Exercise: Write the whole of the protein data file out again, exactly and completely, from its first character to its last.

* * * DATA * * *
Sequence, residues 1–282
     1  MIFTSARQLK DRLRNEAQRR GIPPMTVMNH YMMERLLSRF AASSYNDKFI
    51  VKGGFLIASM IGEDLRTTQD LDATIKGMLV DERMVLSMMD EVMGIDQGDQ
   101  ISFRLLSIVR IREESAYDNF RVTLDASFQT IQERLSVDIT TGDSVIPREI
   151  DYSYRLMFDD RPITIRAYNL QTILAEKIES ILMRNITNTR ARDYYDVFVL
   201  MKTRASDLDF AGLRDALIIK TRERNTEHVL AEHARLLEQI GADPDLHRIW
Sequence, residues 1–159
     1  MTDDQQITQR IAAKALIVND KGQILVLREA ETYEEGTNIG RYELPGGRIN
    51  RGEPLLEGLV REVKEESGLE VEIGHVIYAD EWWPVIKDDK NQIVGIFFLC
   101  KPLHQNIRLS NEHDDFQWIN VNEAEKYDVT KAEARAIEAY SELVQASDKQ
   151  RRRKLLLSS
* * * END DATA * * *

Sequence, residues 1–282
     1  MIFTSARQLK DRLRNEAQRR GIPPMTVMNH YMMERLLSRF AASSYNDKFI
    51  VKGGFLIASM IGEDLRTTQD LDATIKGMLV DERMVLSMMD EVMGIDQGDQ
   101  ISFRLLSIVR IREESAYDNF RVTLDASFQT IQERLSVDIT TGDSVIPREI
   151  DYSYRLMFDD RPITIRAYNL QTILAEKIES ILMRNITNTR ARDYYDVFVL
   201  MKTRASDLDF AGLRDALIIK TRERNTEHVL AEHARLLEQI GADPDLHRIW
Sequence, residues 1–159
     1  MTDDQQITQR IAAKALIVND KGQILVLREA ETYEEGTNIG RYELPGGRIN
    51  RGEPLLEGLV REVKEESGLE VEIGHVIYAD EWWPVIKDDK NQIVGIFFLC
   101  KPLHQNIRLS NEHDDFQWIN VNEAEKYDVT KAEARAIEAY SELVQASDKQ
   151  RRRKLLLSS